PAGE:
Hugh Hefner’s Smutty Legacy
Hugh Hefner died the other day.
Many news articles laud him as a civil activist who pioneered America’s sex revolution. Often, in these retrospectives, he’s painted as a self-made man of distinct perseverance who built Playboy into a media empire starting with only a little money: a self-made man.
In so doing, they say, Hefner promoted equal rights, published influential news stories, hired ethnically diverse employees, and championed sexual freedom.
But that glazes over fact: Hefner exploited women for profit.
The Playboy empire was built brick by brick from the flesh of women. Nothing can change that. And the egalitarian male chauvinist at the center of it all, Hefner, profited hand-over-fist from the degradation of women.
In Hefner’s world women became second class citizens, at the beck and call of male exploitation. Their only purpose was to satisfy the sexual appetites of men.
Men clicked the camera shutters. Men passed over their money at newsstands. Men cashed all the big checks.
Hefner wasn’t a self-made man: he purchased a nude photograph of Marilyn Monroe and printed 50,000 copies of it in a magazine.
Playboy’s sexual freedom propaganda masks a more sinister, one-sided, male chauvinist philosophy: unfettered male desire toward women. Hefner took away female individuality, calling them “bunnies,” and “playmates,” terms declaring male ownership.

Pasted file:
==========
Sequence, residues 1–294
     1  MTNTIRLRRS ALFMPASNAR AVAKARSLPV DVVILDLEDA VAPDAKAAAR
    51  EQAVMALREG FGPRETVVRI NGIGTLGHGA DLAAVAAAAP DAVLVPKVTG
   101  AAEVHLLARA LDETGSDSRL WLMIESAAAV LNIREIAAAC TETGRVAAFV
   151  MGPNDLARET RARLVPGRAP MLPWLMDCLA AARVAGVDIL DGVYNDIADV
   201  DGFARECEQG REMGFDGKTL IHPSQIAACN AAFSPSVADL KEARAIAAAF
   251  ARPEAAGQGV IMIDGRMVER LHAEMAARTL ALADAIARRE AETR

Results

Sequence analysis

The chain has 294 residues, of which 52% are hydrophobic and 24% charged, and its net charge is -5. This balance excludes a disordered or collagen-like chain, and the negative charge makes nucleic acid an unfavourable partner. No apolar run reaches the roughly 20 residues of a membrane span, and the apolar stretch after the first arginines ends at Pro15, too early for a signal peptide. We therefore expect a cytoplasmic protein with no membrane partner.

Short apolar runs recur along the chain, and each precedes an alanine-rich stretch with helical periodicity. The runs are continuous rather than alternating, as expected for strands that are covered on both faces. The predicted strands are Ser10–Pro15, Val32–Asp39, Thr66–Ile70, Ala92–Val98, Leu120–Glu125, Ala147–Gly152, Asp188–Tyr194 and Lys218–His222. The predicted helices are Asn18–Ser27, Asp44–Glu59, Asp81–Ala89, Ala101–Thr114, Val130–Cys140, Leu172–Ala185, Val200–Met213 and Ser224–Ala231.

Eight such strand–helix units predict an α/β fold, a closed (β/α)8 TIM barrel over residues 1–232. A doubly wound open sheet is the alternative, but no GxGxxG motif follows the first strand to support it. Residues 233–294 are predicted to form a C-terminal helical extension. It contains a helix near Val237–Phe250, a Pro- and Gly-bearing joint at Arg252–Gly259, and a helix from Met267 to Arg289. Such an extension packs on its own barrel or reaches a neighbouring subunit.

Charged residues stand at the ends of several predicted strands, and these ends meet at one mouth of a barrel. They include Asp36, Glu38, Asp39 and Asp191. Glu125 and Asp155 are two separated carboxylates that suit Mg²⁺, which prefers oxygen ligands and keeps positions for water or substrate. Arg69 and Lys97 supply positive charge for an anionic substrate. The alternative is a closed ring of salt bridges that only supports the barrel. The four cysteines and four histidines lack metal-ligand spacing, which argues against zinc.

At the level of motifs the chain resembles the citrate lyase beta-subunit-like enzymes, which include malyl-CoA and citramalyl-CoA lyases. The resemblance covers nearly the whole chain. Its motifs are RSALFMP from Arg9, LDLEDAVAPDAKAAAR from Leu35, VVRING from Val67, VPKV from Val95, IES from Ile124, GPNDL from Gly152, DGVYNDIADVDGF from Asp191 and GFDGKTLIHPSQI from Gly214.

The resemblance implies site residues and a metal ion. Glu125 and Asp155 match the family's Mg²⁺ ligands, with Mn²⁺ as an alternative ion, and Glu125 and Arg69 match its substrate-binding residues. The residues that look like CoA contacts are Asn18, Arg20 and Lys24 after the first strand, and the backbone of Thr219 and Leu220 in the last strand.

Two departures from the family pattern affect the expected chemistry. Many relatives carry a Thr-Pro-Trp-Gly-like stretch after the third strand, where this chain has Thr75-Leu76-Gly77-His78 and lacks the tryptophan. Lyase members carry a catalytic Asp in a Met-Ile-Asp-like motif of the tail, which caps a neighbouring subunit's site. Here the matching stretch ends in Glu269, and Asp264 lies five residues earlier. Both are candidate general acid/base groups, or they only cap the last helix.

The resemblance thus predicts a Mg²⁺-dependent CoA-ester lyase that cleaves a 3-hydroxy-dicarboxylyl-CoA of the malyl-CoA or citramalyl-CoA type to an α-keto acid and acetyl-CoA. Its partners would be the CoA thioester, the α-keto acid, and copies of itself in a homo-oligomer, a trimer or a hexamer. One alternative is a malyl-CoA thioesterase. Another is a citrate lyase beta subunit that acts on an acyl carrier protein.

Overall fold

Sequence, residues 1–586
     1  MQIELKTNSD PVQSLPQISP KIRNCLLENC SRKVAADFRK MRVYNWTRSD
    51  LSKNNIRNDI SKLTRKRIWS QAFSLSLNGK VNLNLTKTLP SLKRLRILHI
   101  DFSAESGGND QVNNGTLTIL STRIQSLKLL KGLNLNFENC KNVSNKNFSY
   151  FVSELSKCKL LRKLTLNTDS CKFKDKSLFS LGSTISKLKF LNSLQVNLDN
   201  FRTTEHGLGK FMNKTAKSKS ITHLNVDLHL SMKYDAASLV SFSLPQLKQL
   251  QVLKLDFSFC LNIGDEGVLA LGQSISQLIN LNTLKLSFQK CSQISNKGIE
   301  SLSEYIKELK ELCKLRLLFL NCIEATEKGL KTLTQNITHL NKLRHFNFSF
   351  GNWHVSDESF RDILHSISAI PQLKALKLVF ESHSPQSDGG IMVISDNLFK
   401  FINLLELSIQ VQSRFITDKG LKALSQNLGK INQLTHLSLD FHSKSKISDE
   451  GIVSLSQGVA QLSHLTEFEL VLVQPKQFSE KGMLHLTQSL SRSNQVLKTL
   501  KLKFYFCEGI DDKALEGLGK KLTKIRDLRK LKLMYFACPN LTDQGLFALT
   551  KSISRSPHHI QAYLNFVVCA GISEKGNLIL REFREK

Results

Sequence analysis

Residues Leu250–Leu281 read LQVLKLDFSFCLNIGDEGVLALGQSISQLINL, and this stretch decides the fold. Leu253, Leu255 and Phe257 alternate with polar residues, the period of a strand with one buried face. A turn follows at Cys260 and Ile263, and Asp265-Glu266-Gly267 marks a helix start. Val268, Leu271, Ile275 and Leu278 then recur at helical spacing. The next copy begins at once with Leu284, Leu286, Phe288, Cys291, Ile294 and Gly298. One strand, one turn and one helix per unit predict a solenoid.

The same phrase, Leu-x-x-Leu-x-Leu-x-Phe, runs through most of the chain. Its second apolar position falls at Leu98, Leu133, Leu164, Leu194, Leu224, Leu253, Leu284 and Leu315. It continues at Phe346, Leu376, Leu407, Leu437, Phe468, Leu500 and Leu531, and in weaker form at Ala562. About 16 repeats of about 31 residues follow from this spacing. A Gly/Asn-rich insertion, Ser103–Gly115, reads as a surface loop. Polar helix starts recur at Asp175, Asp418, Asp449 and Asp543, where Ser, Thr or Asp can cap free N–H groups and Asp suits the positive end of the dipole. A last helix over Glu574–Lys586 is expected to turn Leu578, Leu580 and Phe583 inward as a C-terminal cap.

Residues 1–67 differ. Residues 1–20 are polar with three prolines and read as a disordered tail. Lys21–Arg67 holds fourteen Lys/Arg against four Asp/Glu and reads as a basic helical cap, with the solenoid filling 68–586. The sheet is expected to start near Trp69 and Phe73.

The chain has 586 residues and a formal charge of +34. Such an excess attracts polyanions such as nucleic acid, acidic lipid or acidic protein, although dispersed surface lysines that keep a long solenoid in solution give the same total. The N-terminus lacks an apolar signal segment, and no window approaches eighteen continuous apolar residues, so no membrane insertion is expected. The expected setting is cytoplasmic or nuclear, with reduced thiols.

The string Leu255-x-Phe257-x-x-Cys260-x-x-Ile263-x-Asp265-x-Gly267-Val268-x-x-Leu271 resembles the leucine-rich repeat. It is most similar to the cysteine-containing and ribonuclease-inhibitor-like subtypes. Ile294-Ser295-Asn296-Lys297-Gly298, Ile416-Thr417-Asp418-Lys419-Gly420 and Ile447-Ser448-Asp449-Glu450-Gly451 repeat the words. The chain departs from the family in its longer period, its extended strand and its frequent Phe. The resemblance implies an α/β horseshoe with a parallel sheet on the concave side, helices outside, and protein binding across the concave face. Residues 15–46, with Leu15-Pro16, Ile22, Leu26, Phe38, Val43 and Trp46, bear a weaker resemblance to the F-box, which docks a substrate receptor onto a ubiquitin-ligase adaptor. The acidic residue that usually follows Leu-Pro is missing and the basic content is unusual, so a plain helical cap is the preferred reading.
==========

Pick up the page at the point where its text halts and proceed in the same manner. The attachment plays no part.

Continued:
In a 2015 memoir, “Down the Rabbit Hole,” Hefner’s ex girlfriend and former Playmate Holly Madison paints a much darker picture than that on the news stands. Among many other deplorable, disgusting acts, Hefner encouraged competition between his multiple girlfriends. He boasted elsewhere of sleeping with 1,000 women.
Worst of all, Playboy normalized pornography. Made smutty practices, the dredges of society, acceptable. And in doing so, Playboy allowed and encouraged rampant male desire.
I see it all over today. In the gym men stare at women without refrain like it’s their right. “Look but don’t touch,” a popular catchphrase. Pornography is so easily viewed these days, even by children.
Exploiting women for profit is never acceptable. Hefner never should have been a household name.
If he wasn’t male, or successful, white, and rich, he’d have been labeled criminal long ago. Now he’s dead. And now we get to undermine his legacy by valuing women, promoting equality and worth the way God intended; encouraging strength in our loved ones; and shouting down male chauvinists.